LIFESTYLE.ADVERTISING.EDITORIAL

Perth, Western Australia

Monday, April 6, 2009

in the sky with diamonds.

Saturday the 4th of april was a day i will remember for a very long time.
It was a major turning point in the way i think about what i do, and how i do it.

Cooked some lamb and iced the esky.
Filled with fuel and picked up lucy. I had been mulling over the day for the last week.
It was pretty much all I could think about.
Was the location I had picked right for what I wanted? 
Was there somewhere closer that would suffice? 
Was it exactly how I had remembered it?
It was really doing my head in, and I started to really doubt myself.
The brief was self driven, but I wondered if it was edgy enough.
Too much of photography today, especially in perth, is mediocre.
We are all guilty, including my self. I want to be a standout and push some boundaries - this is not going to be easy to accomplish.
I’ve found myself wondering recently, as I always seem to, if what I’m doing is really what I want to be doing. If that makes any sense at all.
Fashion photography is fashion photography. Basically layers of makeup and textiles that go together to make a girl or boy look attractive/appealing.
There is only so much you can do with that in terms of photography. They are pretty emotionless images.
In my mind a camera is the wrong tool to capture this, well not the wrong tool, but a tool that is too good for it. They should be created with pens and paper, or on a computer.
A camera is the only tool that can capture a moment any where from 1/8000 of a second long and longer. It doesn’t lie about what its seen if in the right hands, and has great difficulty bending the truth. What Chuck Close likes to call 'Accidental Masterpieces'.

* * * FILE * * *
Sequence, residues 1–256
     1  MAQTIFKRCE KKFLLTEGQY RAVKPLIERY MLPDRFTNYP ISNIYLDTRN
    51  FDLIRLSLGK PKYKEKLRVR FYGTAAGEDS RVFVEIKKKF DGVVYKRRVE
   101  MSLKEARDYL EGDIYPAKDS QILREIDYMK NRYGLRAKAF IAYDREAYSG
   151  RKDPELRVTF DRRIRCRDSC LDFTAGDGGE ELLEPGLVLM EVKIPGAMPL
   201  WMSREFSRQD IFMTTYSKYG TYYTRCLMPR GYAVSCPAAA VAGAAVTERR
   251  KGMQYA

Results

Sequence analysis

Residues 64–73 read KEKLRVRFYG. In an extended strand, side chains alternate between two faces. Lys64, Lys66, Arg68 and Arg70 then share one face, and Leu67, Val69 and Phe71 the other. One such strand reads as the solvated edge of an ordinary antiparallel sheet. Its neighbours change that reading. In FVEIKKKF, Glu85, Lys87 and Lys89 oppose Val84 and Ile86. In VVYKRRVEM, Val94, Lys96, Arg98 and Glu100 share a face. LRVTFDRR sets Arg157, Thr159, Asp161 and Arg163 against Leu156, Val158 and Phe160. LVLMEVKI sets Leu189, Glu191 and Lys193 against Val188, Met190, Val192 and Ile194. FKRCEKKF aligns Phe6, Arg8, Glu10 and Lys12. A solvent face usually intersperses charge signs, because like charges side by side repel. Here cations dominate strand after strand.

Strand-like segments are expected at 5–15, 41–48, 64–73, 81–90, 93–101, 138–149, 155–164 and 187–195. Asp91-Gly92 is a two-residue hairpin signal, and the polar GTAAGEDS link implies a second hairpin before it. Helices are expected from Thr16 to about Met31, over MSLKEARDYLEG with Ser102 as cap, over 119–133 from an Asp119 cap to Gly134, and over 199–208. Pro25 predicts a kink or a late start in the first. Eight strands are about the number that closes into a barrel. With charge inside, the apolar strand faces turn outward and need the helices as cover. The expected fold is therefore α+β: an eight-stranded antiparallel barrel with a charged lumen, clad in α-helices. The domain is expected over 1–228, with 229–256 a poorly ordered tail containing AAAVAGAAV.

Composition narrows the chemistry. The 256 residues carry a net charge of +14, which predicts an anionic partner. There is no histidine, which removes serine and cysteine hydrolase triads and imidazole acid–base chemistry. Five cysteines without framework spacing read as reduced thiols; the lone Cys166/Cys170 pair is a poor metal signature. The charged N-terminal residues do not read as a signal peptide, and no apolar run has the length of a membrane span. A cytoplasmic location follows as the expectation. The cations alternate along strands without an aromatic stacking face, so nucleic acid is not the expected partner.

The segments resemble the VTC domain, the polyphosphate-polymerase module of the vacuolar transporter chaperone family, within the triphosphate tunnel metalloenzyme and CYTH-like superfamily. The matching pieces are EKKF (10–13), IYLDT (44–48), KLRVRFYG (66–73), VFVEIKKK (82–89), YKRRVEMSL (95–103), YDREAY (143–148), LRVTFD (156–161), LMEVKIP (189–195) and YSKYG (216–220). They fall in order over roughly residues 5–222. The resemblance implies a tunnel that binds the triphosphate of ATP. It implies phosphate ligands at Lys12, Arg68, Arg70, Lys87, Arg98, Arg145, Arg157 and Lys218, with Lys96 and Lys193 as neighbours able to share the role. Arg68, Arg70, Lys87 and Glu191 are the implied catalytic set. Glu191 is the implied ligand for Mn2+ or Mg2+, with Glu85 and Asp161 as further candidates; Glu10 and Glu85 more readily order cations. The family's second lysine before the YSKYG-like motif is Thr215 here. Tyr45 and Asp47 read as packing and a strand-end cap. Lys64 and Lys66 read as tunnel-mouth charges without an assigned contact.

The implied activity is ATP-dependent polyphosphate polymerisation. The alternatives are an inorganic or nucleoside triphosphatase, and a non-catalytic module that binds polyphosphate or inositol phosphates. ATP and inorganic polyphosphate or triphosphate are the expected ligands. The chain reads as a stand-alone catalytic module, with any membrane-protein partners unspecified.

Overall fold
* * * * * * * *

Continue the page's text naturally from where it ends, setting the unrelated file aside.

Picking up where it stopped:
A portrait is a very hard thing to categorize when it comes to photography.
There are candid portraits, where the person being captured is almost totally unaware that they are being captured and therefore completely natural, or the posed portrait.
The latter being a representation of a person they have trained themselves to be like. That characteristic ‘camera smile’. That false smile so well rehearsed from such a young age.

Today I tried to create the portrait that lies in no-mans-land so to speak between these two. Most of you out there who have a grasp of contemporary photography will know what I mean. For those of you who don’t I will endeavour to explain.
This type of portrait has elements of both styles, but displays no characteristics of the other style. A paradox really. 
Its getting the talent to look aloof. The time spent waiting for them to stop smiling and look serious.
Putting in their hands something out of the ordinary, but making it look as if it is meant to be there. Finding a location you like, and matching their wardrobe to fit it.

another thing ive never really experienced is overthinking a concept.
So you know what is aesthetically appealing from a contempory standpoint, and you want to be edgy and stand out. The set up looks fantastic in your head, and you know exactly what your location looks like and how you want your model, what they will be wearing and their pose.
Once you get there and arrange all the elements exactly as you had imagined, and put your eye to the view finder something just doesn’t seem right. It should, because you have done everything you had to –but it just doesn’t. writers block for a photographer?
You’ve got a pen and some paper, and you know what your going to write about in a round about way but nothing comes out of your hand on to the paper. It’s an awful feeling.

hopefully you will enjoy it, 
seeing as its caused me so much turmoil and taught me so much.
swin.














































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